Hundreds of designers and stylists have played a major role creating memorable vehicles, but a few names stand out. First among them is Harley J. Earl, the first designer in the U.S. to establish the role of the artist in an engineering-dominated profession.

Son of a coachbuilder, he began molding cars out of the wet clay he found while camping in the mountains north of Los Angeles at age 16.

He later used clay to sculpt a Cadillac LaSalle display prototype -- instead of creating it from wood and hand-beaten metal parts. GM President Alfred P. Sloan was impressed with how all the separate parts flowed smoothly together. He hired Mr. Earl, and a revolution was born. The 1927 LaSalle was a hit. Under his leadership, GM ruled automotive styling. The first concept car, the Corvette, and tailfins were his personal creations.

One of Mr. Earl's biggest achievements was development of specialist teams capable of producing an integrated final design. At the peak of his GM career, Mr. Earl was responsible for 17 studios staffed with some 1,400 designers and modelers.

William L. Mitchell followed in his footsteps, heading GM's styling staff for 19 years. During his tenure the staff name was changed from "Styling" to "Design" in 1972, recognizing that it was responsible for vehicle architecture, packaging and safety in addition to traditional style and color. He is credited with developing the original Buick Riviera, among other great cars.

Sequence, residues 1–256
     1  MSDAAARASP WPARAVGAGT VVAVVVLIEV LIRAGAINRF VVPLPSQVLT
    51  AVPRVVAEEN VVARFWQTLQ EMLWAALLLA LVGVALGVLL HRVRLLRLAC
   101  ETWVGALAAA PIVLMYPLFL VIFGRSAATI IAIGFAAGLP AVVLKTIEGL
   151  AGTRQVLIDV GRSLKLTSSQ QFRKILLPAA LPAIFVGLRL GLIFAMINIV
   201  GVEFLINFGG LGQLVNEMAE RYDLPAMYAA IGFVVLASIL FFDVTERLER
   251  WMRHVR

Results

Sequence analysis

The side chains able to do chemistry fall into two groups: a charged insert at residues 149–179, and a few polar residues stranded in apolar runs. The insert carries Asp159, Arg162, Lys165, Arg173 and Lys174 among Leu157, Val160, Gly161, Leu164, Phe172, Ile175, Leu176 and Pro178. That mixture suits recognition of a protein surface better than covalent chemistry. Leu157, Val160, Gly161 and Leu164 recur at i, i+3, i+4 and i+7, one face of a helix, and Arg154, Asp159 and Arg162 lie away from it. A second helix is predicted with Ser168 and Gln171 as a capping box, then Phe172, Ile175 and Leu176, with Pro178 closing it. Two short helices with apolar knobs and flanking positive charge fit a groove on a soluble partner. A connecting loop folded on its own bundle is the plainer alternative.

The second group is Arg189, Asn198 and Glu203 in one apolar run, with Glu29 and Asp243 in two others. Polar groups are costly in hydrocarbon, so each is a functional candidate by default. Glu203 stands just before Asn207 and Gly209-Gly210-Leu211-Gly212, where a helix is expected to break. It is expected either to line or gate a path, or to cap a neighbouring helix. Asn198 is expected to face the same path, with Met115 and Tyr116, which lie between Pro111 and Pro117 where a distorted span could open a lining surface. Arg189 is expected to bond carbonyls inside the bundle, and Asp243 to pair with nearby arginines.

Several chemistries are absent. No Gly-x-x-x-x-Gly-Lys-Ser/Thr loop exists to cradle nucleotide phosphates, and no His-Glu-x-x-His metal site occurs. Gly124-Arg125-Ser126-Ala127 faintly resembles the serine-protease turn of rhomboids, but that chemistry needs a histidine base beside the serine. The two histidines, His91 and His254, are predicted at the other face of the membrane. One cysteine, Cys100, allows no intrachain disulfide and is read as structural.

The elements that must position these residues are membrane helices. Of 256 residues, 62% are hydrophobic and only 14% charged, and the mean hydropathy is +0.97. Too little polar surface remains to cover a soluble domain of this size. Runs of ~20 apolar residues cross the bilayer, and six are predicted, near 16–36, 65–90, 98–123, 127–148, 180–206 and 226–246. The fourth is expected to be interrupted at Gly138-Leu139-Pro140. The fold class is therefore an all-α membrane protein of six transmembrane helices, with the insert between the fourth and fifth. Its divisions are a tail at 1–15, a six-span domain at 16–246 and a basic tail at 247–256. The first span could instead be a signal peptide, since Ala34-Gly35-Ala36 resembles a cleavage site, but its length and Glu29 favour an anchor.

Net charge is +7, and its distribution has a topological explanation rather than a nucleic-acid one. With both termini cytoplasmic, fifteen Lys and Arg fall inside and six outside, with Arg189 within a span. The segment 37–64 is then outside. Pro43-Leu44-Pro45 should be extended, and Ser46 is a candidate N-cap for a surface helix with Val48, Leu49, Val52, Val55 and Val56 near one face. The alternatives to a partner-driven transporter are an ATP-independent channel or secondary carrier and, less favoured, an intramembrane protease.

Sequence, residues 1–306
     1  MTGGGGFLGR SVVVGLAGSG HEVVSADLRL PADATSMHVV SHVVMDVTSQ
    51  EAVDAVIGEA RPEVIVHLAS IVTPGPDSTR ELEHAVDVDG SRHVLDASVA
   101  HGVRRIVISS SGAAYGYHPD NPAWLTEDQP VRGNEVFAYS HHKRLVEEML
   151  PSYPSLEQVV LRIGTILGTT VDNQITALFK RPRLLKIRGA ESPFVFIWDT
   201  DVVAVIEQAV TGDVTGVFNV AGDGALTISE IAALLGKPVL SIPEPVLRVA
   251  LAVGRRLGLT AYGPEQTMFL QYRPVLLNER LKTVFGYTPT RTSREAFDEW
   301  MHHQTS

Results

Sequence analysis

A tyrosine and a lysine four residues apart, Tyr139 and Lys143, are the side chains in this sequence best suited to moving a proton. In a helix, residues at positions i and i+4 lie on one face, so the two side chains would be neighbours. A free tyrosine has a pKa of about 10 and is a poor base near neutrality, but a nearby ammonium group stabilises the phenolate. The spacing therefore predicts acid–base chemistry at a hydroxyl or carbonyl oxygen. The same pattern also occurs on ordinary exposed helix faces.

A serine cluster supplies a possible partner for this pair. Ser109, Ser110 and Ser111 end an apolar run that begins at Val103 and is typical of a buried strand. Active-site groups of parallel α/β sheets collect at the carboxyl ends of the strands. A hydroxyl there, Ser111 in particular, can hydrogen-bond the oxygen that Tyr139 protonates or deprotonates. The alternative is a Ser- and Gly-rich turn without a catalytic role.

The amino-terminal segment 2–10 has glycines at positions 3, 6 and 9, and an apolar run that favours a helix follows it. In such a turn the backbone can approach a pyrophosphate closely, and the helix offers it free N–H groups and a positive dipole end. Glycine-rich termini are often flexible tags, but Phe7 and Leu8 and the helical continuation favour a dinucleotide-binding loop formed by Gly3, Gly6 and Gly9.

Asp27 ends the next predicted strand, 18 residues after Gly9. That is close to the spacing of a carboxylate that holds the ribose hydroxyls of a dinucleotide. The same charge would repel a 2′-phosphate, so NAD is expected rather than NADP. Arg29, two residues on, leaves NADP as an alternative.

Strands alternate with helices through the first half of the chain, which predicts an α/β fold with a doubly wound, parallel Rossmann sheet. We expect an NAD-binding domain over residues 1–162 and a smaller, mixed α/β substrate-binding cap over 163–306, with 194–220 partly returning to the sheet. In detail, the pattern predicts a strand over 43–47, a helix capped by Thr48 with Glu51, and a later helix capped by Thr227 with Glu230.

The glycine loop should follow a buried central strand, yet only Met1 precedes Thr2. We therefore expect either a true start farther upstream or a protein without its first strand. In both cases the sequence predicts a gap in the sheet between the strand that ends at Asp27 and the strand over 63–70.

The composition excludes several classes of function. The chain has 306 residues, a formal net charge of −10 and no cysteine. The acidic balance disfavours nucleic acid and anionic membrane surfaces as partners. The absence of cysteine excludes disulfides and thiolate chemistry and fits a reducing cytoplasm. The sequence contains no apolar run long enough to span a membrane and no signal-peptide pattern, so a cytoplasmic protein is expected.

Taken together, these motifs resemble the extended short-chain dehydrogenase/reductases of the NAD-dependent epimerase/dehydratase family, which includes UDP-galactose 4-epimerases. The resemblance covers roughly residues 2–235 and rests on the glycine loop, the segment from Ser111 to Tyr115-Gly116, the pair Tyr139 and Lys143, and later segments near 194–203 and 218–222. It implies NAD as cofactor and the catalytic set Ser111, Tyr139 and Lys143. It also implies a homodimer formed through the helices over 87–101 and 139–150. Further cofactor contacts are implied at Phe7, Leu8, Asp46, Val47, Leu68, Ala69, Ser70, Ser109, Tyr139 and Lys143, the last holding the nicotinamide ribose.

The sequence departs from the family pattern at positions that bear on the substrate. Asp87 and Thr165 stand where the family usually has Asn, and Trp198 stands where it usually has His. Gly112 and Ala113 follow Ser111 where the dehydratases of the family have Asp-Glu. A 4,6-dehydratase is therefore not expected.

American Motors Corp.'s Richard A. Teague designed some of the most famous -- and infamous -- cars of the '50s, '60s and '70s, including the first "compacts," plus the Hornet, Javelin, AMX, Gremlin and Pacer. His interesting and original designs helped keep perennially cash-starved AMC afloat, but they often were shortchanged because of funding problems. The Pacer, for instance, was designed to use a powerful and compact GM-built Wankel engine, which would have made it a very sporty performer. But GM canceled its Wankel program and Pacer wound up with an oversized, underpowered inline-6 and the the car became a famous dud. His most enduring work: the Jeep Cherokee, still selling today.

Others include Edsel Ford I, who played a major role in the gorgeous original Lincoln Continental in the late '30s, and Eugene Bordinat Jr., who developed the long-hood, short-deck Mustang, a basic shape that heavily influenced U.S. vehicle design in the 1960s and '70s. The Mustang helped Ford design regain face after the late '50s Edsel disaster.

John J. Telnack, Ford's current design chief, also stands out because he designed and fought for the enormously influential aerodynamic shape of the Ford Taurus in the early '80s, despite opposition within the company over its "radical" appearance. He continues to take chances with new shapes, such as the '96 Taurus.

And at Chrysler Corp. is Tom Gale, the man who brought the "cab-forward" concept into the mainstream, and who also is responsible for Chrysler's sexy -- and functional -- new designs, from the swoopy Chrysler Atlantic concept to innovative vehicles such as the Plymouth Prowler.